It's rutting season in Rocky Mountain National Park, the mating season when bull elk gather cows and calves into their harem of females.  The bulls wallow in the mud to cover themselves with their urine perfume in order to attract the females.  They also aggressively guard their harems from other bulls, sometimes fighting encroachers to the death.

Packing up that night, we saw this harem of elk who had wandered into the campground.

Leading the herd was a magnificent bull.  What a chance to see them up close--but not too close!

They must have been attracted to the lush grass of the campground and by the nearby Big Thompson River.

Big Thompson River at the rear of our campground

Wildlife, waterfalls, winding rivers and our week in this beautiful place made me feel that I, too, had gotten near to the heart of the world.

"As long as I live, I'll hear waterfalls and birds and winds sing.  I'll interpret the rocks, learn the language of flood, storm, and the avalanche.  I'll acquaint myself with the glaciers and wild gardens, and get as near the heart of the world as I can." ~ John Muir

Thursday, September 8, 2016

A Drive With Altitude

On a misty Friday when the rain made hiking unappealing, Tim and I ventured up the 11 miles of Old Fall River Road, the first auto route through Rocky Mountain National Park, gaining 4,274 feet in elevation along the way.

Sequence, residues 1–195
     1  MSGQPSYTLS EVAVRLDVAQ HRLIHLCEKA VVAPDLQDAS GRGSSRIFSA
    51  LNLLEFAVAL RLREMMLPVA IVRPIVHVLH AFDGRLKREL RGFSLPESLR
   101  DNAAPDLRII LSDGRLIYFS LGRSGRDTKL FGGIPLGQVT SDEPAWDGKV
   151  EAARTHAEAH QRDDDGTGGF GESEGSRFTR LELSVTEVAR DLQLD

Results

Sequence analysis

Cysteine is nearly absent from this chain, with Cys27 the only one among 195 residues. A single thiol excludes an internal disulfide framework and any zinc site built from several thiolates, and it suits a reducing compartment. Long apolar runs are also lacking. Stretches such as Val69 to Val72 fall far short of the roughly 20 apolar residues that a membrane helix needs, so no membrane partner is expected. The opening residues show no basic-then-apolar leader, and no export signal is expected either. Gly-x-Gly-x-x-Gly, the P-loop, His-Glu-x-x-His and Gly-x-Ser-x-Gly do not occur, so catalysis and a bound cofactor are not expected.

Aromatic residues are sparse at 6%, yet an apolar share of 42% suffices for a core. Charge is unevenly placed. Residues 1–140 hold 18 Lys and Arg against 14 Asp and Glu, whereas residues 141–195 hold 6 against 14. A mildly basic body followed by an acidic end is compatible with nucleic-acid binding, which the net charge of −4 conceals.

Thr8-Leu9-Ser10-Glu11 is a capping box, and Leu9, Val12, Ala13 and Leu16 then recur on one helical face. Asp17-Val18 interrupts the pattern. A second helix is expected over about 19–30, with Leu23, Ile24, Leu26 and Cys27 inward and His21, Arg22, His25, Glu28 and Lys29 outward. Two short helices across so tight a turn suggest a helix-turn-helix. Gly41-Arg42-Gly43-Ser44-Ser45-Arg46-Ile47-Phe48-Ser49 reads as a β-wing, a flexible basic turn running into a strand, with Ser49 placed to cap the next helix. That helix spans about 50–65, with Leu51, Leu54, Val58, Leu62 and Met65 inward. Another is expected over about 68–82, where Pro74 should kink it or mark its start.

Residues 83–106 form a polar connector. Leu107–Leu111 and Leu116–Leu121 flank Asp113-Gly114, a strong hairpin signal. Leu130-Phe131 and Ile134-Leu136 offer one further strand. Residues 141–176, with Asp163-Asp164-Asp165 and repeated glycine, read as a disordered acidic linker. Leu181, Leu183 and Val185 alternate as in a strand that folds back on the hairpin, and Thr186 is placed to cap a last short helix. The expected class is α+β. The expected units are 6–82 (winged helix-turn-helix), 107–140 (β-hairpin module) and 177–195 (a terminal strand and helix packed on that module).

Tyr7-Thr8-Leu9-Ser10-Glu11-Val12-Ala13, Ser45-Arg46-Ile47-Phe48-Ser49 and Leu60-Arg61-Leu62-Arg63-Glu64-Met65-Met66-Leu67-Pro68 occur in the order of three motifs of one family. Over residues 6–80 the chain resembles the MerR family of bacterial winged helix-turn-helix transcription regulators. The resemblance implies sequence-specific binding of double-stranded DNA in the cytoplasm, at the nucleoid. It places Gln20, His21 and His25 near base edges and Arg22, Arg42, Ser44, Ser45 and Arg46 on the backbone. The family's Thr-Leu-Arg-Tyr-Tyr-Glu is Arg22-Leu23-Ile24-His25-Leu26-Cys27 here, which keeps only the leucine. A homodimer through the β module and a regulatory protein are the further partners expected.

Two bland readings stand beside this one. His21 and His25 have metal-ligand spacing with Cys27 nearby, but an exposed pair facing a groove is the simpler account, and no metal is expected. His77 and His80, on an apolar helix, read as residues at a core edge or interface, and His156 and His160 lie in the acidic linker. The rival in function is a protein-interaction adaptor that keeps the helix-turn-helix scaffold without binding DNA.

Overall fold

Begun in 1913 and finally finished seven years later, this gravel road was built with Ford Model T's in mind.  

Only 14 feet wide, the lane is a one-way adventure with twisting switchbacks, turning radii as tight as 20 feet, and steep grades that sometimes reach 16 percent.  Some early automobiles had to make the climb in reserve gear due to their gravity-fed fuel systems.  

Oh, and did I mention?  There are no guard rails. 

Luckily for us, cars have improved since the Model T.   

Still, Tim had to shift our Jeep into second and even third gear as we ascended to the Alpine Visitor Center at the summit.  

But it was worth it!  Not only did we see some incredible views, but also wildlife like these elk. 

Arriving at the summit, we had a choice to make.  Should we return to Estes Park via Trail Ridge Road or extend our journey down the other side of the mountains to the charming town of Grand Lake, Colorado?  That was a no-brainer!  We decided to make it a day trip and set our course for Grand Lake.  

We made a few stops along the way.  The first was the Colorado River trailhead where Tim and I searched for the headwaters of the mighty river which today quenches the thirst of much of the Southwest.  

This photograph of the Colorado Riverside was taken at the trailhead kiosk.

I feel a special connection to the Colorado River.  During the last years of my teaching career, I assisted seventh graders in a research project that pitted Native Americans against Colorado River rafters, hydropower industrialists and southwestern communities dependent on the river's water, always an interesting debate with such conflicting stakeholders. Then, at the end of each school year, the science teachers organized a field trip to Glen Canyon Dam, one of a series of dams that harness the power of the river. I rode along as an additional chaperone on the three-day trips, an incredible opportunity for first-hand learning.

Returning to our car, Tim and I continued down Trail Ridge Road to the Holzwarth Historic Site, the homestead and later dude ranch of John G. Holzwarth, Sr.  How resourceful this man was!  Baker, brewer, Texas Ranger, saloonkeeper, boardinghouse owner, homesteader, rancher, taxidermist, dude ranch proprietor!  For a 15-year-old German immigrant who travelled to the U.S. alone, Holzwarth deftly parlayed his skills to survive and provide for his family.